Tuesday, June 27, 2006
It's the name of Second Life that put me off. I don't have time for my first life, let alone another one. But if something doesn't grab me initially, it's usually because I don't know enough about it. And there's no doubt that this is the future, or something very like it. I need to learn more.
Second Life is more of a place than a game. It's created by the people who use it. Participants make and animate a graphical representation of themselves, called avatars, and walk, fly, drive around a large continent and surrounding islands, chatting with others, building or buying things, and almost anything else you can imagine.
Although this metaphor will probably offend anyone remotely connected to Second Life, the most accurate way of describing the whole experience is that it's like playing with dolls. Mind you, these are very cool dolls. They can do and say anything at all. You build your own accessories, such as a house and furniture, clothes, car. You can also buy any of the above, at miles of shops in the world itself.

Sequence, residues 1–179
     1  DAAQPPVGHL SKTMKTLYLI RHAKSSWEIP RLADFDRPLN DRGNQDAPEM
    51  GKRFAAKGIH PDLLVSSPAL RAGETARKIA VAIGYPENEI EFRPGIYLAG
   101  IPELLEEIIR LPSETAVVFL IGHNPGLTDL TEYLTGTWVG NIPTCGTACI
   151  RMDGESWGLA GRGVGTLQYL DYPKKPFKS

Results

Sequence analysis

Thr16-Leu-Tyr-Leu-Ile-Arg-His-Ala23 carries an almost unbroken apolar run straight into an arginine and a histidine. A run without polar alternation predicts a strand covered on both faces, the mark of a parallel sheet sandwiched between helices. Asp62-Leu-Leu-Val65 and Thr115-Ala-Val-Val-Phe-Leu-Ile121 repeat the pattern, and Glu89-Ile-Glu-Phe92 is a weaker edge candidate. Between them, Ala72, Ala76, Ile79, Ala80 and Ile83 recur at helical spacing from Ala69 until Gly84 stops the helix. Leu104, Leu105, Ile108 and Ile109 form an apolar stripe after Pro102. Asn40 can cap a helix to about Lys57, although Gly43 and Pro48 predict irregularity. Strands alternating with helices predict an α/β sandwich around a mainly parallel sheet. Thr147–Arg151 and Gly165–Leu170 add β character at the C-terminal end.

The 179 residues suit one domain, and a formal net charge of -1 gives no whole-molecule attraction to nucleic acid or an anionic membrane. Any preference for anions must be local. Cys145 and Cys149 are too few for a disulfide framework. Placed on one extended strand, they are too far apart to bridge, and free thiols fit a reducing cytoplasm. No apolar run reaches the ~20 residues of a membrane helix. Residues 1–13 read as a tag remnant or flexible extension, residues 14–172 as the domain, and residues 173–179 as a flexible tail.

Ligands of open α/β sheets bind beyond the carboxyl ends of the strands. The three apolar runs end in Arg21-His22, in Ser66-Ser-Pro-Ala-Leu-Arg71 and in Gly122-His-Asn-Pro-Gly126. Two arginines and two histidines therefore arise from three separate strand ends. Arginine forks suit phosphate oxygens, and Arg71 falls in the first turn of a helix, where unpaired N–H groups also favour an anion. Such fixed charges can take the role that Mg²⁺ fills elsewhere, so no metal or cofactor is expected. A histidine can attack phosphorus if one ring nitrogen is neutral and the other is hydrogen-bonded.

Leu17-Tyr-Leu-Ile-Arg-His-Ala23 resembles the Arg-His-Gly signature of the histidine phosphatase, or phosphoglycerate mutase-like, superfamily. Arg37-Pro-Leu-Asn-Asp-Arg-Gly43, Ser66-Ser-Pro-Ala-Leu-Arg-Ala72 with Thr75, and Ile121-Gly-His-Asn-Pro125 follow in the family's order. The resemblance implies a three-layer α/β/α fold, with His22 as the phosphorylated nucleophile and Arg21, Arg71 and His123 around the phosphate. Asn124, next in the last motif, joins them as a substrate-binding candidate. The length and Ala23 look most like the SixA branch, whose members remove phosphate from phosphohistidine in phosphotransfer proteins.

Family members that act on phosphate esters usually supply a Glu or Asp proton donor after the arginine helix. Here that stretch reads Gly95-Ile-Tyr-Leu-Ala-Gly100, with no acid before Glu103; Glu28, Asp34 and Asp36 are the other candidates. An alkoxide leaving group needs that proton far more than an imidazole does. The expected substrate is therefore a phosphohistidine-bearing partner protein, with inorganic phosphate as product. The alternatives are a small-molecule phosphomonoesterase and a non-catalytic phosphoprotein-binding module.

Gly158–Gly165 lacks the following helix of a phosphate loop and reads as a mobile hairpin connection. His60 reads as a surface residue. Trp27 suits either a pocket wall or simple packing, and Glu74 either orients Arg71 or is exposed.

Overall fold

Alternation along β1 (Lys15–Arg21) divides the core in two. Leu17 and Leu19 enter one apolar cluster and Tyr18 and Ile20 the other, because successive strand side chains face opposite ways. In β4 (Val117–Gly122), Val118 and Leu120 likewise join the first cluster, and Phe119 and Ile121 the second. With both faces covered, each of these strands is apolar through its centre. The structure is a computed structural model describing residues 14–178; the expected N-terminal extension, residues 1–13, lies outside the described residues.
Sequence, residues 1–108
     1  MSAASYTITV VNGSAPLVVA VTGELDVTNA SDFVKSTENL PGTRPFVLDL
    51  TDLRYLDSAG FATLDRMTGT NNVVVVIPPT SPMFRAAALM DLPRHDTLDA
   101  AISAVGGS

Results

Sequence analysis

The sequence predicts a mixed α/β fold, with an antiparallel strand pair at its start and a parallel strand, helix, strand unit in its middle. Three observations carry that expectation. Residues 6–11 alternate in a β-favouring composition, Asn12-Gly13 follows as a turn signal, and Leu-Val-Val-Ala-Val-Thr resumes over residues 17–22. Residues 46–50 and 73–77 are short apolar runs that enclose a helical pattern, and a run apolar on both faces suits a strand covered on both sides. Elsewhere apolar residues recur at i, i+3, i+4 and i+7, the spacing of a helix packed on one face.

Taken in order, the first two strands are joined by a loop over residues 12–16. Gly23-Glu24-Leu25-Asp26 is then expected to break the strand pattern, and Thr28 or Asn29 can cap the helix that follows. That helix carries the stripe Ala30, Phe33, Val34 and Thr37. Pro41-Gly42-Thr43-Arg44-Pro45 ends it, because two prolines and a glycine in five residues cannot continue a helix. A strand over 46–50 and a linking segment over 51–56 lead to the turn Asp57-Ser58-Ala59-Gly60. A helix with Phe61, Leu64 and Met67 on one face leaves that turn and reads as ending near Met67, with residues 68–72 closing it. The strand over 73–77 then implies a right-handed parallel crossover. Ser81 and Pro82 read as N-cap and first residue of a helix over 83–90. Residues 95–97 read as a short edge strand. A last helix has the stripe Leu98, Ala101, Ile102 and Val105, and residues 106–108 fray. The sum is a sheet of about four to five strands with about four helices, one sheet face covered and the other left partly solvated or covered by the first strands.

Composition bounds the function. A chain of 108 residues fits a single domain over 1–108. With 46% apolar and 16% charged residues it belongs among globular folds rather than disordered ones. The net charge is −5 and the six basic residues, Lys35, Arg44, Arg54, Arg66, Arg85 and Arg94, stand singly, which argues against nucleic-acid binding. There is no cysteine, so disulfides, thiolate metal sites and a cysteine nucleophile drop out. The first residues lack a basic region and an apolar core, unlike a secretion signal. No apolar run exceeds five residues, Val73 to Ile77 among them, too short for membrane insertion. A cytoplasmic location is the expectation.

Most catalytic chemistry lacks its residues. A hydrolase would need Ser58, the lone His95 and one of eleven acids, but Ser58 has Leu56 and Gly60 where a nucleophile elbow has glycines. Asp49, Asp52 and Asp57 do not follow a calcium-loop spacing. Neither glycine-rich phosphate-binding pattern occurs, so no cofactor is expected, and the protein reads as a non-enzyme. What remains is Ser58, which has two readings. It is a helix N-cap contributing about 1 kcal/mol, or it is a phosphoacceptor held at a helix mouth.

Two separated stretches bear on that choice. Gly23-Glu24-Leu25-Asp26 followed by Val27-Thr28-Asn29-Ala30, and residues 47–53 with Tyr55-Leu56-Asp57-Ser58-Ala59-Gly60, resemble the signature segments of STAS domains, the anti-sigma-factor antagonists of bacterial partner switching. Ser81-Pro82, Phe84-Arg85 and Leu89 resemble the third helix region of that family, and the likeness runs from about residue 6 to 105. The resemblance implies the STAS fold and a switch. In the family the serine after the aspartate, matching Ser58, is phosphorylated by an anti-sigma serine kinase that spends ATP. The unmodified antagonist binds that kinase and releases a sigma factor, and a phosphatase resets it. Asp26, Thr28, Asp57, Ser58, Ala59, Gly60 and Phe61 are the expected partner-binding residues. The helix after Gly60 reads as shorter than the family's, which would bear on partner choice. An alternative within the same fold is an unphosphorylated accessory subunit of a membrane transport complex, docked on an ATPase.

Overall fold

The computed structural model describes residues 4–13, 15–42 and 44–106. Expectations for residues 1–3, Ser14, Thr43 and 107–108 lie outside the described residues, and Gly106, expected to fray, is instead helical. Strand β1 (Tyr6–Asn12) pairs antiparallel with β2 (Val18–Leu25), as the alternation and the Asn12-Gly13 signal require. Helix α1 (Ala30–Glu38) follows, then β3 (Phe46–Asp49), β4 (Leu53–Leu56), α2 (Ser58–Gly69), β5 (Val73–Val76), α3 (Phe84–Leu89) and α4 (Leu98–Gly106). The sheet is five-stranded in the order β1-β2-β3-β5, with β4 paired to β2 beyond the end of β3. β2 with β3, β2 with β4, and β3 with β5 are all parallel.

The imagination of some of the residents is impressive. One avatar I met over the weekend was a cartoon rabbit. He was wearing a t-shirt that changed its slogan every minute or so ("There's no place like 127.0.0.1" "Touch my carrot"). I've also met a dinosaur, a sphinx and a Luke Skywalker look-alike, complete with storm trooper outfit, light saber and R2D2.
My avatar is vaguely a copy of me, albeit thinner and with better hair -- no imagination! I haven't progressed far with making accessories, either. The best I've been able to create was the beginnings of a snowman. While I was struggling to do that, someone next to me was practicing with a motorcycle. She drove away before I got my snowman's head on straight. With built-in 3D designing software and scripting language, or using an external free application such as Blender, there doesn't seem to be too much you can't do.
Although there are no clear goals in Second Life, participants seem to treat it like a game of Life. They aim to sustain and grow their character over a long period, master the environment, create an interesting alter-ego and get "rich." Getting rich is at least possible. Second Life may be virtual, but the economy is real. The currency, called Linden dollars, has a floating exchange rate against the U.S. variety. The rate is currently about 250 to 1, so you'd have to be the Second Life equivalent of Bill Gates to be rich in reality.